Gordon Sidney Harrington was born in Halifax, NS, on August 7, 1883. He was one of three children of Sidney and Mary Harrington. Gordon’s father was a prominent Halifax lawyer whose business partner was the future prime minister of Canada, Robert Borden. Gordon grew up and was schooled in Halifax. Like his father, he set his sights on a law career, and in 1904, he graduated from Dalhousie Law School. Not long after graduation, Gordon left Halifax and set up a law practice in Glace Bay. He quickly made a name for himself defending the rights of coal miners and became legal counsel for the United Mine Workers of America in Cape Breton. He was so well respected in the local area he became mayor of Glace Bay.
In 1910, Gordon married Catherine Agnes MacDonald, a local girl from nearby Reserve Mines. Her father was a coal miner.
After the outbreak of World War 1, Gordon resigned his position as mayor of Glace Bay and returned to Halifax, where on October 31, 1915, he enlisted in the 85th Battalion (Nova Scotia Highlanders). He had had eleven years of militia training with the 66th Regiment “Princess Louise” Fusiliers, who were based in Halifax, and retained his rank of captain upon enlistment. He was quickly promoted to the rank of major, and on February 23, 1916, he was transferred to the newly created 185th Battalion (Cape Breton Highlanders). The 185th Battalion was headquartered in the abandoned mining town of Broughton, near Sydney, and was recruiting in Cape Breton. Gordon took command of “B” Company whose men came predominately from the coal mining towns of Glace Bay and New Waterford, and from the surrounding areas. He may have known many of the new recruits and their families from his time living in Glace Bay. In May of 1916, the 185th Battalion relocated to Aldershot, NS, where they joined their sister battalions of the Nova Scotia Highland Brigade. The brigade trained in earnest before sailing to England in October, 1916.
Upon arrival in England, the 185th Battalion moved to Witley Camp where training continued. In December, 1916, Gordon was attached, for approximately a month, to the 193rd Battalion (Nova Scotia Highlanders), one of the four Nova Scotia Highland Brigade battalions. A short time later, in the spring of 1917, Gordon was transferred to the 17th Canadian Reserve Battalion located in Bramshott, England, where he assumed command of the battalion. That position was also short lived. In May, 1917, Gordon began a series of administrative staff postings with The Ministry of Overseas Military Forces of Canada (OMFC) in London which culminated in his appointment as Deputy Minister with the rank of colonel. His position saw him make frequent trips between OMFC Headquarters in London and the Canadian Corps Headquarters in France. He was heavily involved in negotiations between Canada and Britain over control of Canadian forces and with the repatriation of Canadian troops after the war. Gordon arrived back in Canada on October 31, 1919 and immediately reported for duty with OMFC in Ottawa. In April, 1920, he was posted back to London and was finally demobilized on January 5, 1921.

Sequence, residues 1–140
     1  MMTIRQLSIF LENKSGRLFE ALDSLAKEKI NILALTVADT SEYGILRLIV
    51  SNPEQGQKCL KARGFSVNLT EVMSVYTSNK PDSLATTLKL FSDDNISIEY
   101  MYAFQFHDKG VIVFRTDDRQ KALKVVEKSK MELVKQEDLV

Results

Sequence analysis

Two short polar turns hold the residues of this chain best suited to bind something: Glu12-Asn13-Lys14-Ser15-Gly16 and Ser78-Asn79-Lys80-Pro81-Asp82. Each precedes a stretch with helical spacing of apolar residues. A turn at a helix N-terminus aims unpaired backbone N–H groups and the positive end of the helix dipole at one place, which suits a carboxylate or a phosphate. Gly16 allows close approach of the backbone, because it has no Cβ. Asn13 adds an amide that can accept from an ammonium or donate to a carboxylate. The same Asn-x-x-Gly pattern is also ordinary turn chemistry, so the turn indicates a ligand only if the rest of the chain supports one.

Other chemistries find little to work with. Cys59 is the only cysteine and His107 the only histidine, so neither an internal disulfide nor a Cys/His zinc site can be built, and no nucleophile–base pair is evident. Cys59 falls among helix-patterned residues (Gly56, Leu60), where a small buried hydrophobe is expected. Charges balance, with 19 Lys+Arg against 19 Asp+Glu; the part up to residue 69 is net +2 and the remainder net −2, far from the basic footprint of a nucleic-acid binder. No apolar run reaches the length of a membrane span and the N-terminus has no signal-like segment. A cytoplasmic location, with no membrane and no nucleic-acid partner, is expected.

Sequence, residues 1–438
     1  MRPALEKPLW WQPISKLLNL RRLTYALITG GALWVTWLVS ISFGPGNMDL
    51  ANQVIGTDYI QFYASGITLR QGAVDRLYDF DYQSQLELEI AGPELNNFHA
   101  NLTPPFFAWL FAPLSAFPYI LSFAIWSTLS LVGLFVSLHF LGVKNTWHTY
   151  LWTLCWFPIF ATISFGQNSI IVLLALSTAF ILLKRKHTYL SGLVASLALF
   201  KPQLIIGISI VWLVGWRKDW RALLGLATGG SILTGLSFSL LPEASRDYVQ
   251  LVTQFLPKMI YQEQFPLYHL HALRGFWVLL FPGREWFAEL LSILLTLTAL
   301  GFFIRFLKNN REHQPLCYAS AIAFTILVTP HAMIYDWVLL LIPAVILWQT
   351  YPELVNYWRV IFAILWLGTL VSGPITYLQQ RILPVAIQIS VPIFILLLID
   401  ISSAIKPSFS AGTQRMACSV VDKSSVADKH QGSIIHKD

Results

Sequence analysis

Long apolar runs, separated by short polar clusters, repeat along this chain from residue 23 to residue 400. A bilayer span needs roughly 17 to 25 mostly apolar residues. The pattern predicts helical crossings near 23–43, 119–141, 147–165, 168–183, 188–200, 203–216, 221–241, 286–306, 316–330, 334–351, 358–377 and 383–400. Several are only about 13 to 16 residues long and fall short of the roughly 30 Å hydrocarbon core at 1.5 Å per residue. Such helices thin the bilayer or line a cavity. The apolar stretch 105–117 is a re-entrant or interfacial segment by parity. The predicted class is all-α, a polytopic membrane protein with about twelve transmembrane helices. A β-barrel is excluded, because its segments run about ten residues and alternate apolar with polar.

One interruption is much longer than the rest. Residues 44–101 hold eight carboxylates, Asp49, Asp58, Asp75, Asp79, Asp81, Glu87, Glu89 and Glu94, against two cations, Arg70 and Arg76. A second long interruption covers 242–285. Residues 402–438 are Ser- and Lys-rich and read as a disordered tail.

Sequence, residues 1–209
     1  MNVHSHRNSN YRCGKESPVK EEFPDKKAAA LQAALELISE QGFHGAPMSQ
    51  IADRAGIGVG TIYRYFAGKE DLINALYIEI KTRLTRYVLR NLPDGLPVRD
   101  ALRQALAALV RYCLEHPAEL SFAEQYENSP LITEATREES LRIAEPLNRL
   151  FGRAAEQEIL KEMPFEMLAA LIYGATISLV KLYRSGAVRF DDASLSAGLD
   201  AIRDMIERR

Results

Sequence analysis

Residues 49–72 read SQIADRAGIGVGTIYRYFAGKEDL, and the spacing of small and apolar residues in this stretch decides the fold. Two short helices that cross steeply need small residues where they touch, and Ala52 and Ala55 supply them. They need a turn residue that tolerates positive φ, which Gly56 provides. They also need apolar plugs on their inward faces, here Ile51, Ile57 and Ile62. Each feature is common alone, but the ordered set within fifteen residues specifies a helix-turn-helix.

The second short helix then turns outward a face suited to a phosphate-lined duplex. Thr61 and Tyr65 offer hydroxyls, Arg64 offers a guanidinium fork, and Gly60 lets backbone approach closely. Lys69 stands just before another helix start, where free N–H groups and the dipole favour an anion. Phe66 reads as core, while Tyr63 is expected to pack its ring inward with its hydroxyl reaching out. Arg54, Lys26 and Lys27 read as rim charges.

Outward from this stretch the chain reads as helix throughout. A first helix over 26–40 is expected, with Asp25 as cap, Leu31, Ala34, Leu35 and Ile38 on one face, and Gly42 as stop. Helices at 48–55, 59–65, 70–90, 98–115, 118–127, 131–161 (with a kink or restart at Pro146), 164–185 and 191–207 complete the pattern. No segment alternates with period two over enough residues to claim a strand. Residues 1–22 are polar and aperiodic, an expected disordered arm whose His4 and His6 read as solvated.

After the war, the Harringtons moved back to Cape Breton where they bought a home in Sydney and Gordon opened a legal practice on Charlotte Street in Sydney. They also had a cottage on the Mira River. Gordon again fought for miners’ rights and, as before the war, he became legal counsel for the United Mine Workers of America in Cape Breton. In 1925, Gordon entered into a successful political career in provincial politics. He was elected conservative MLA representing either Cape Breton Centre or Cape Breton South, for three consecutive elections. He became Minister of Public Works and Mines and from 1930 to 1933, Premier of Nova Scotia. He continued to champion the rights of miners and to improve workers conditions for the working class. In the 1933 provincial election, Gordon won his seat but his government lost to the liberals under Angus L. MacDonald, a Cape Bretoner and another former officer of the 185th Battalion (Cape Breton Highlanders). Gordon remained in the Nova Scotia house of Assembly until 1937.
In 1918, while overseas, Gordon fell ill with the Spanish Influenza that was ravaging the world. He spent ten days in hospital. Throughout the rest of his life he continued to be plagued by health problems. It is not clear whether they were related to the Spanish Influenza and/or his very aggressive and stressful work ethic, both during and after the war. On July 4, 1943, Gordon Harrington passed away. He was only 59 years old. His wife Catherine passed away on June 17, 1956. They had no children. Both Gordon and Catherine were laid to rest at Camp Hill Cemetery in Halifax.
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